Gibrat Law About Firm Size

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Gibrat's law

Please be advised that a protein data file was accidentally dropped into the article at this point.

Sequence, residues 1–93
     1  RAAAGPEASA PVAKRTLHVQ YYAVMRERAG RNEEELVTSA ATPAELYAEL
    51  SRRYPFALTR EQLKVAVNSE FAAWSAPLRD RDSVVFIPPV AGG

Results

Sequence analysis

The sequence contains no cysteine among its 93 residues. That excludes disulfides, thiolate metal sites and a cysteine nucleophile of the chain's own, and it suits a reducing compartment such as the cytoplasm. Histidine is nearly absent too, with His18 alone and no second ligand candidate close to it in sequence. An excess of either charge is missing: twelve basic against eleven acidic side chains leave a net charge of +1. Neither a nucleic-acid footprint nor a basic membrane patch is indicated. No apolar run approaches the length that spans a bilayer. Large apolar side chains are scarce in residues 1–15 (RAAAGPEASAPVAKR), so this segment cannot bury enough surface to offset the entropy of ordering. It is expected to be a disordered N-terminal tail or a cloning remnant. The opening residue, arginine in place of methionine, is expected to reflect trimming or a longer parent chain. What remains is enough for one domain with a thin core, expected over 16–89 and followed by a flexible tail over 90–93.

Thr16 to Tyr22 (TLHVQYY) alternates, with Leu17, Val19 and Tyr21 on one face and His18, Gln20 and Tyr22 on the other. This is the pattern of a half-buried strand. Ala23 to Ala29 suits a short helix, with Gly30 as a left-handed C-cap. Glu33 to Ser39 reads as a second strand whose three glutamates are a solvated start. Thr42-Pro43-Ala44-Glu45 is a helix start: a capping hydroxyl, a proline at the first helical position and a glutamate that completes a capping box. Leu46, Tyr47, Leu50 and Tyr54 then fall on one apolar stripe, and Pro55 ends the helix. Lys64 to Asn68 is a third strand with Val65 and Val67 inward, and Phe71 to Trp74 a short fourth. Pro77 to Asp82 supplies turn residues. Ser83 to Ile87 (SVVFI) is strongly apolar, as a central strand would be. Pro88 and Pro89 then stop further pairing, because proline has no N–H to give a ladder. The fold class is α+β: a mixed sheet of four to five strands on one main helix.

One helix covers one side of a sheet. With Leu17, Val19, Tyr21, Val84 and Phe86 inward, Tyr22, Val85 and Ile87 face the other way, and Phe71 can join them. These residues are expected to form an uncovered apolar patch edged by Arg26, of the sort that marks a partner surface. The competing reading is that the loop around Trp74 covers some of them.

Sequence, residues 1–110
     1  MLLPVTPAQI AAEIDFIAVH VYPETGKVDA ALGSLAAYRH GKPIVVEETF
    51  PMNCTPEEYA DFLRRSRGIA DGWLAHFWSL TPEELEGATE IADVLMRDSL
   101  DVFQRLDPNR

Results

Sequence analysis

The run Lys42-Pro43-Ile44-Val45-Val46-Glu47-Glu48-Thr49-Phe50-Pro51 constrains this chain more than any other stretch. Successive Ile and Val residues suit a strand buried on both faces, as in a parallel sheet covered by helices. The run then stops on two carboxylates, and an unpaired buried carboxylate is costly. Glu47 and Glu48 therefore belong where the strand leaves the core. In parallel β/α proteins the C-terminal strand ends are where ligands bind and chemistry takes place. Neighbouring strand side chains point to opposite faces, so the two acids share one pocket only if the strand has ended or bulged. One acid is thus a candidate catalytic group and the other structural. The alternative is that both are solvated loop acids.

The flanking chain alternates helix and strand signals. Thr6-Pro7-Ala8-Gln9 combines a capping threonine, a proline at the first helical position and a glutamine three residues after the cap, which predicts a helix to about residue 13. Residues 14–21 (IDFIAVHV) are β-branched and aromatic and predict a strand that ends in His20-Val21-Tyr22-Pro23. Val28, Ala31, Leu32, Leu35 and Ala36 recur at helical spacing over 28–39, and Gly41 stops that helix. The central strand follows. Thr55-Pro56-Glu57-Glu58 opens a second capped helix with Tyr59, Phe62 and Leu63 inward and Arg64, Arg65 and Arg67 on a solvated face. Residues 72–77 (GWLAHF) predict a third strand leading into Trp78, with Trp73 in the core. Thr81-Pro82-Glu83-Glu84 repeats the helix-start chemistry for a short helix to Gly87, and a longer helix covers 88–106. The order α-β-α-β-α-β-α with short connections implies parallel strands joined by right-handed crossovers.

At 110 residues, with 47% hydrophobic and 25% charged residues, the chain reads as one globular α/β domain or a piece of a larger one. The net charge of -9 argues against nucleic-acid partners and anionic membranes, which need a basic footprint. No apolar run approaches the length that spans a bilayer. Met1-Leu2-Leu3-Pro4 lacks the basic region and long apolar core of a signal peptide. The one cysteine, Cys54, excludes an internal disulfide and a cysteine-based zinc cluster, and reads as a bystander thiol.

Gibrat's law, sometimes called Gibrat's rule of proportionate growth is a rule defined by Robert Gibrat (1904–1980) stating that the size of a firm and its growth rate are independent.[1] The law of proportionate growth gives rise to a distribution that is log-normal.[2] Gibrat's law is also applied to cities size and growth rate, where proportionate growth process may give rise to a distribution of city sizes that is log-normal, as predicted by Gibrat's law. While the city size distribution is often associated with Zipf's law, this holds only in the upper tail, because empirically the tail of a log-normal distribution cannot be distinguished from Zipf's law. A study using administrative boundaries (places) to define cities finds that the entire distribution of cities, not just the largest ones, is log-normal.[3] However, it has been argued that it is problematic to define cities through their fairly arbitrary legal boundaries (the places method treats Cambridge and Boston, Massachusetts, as two separate units). A clustering method to construct cities from the bottom up by clustering populated areas obtained from high-resolution data finds a power-law distribution of city size consistent with Zipf's law in almost the entire range of sizes.[4] Note that populated areas are still aggregated rather than individual based. A new method based on individual street nodes for the clustering process leads to the concept of natural cities. It has been found that natural cities exhibit a striking Zipf's law [5] Furthermore, the clustering method allows for a direct assessment of Gibrat's law. It is found that the growth of agglomerations is not consistent with Gibrat's law: the mean and standard deviation of the growth rates of cities follows a power-law with the city size.[6] In general, processes characterized by Gibrat's law converge to a limiting distribution, which may be log-normal or power law, depending...
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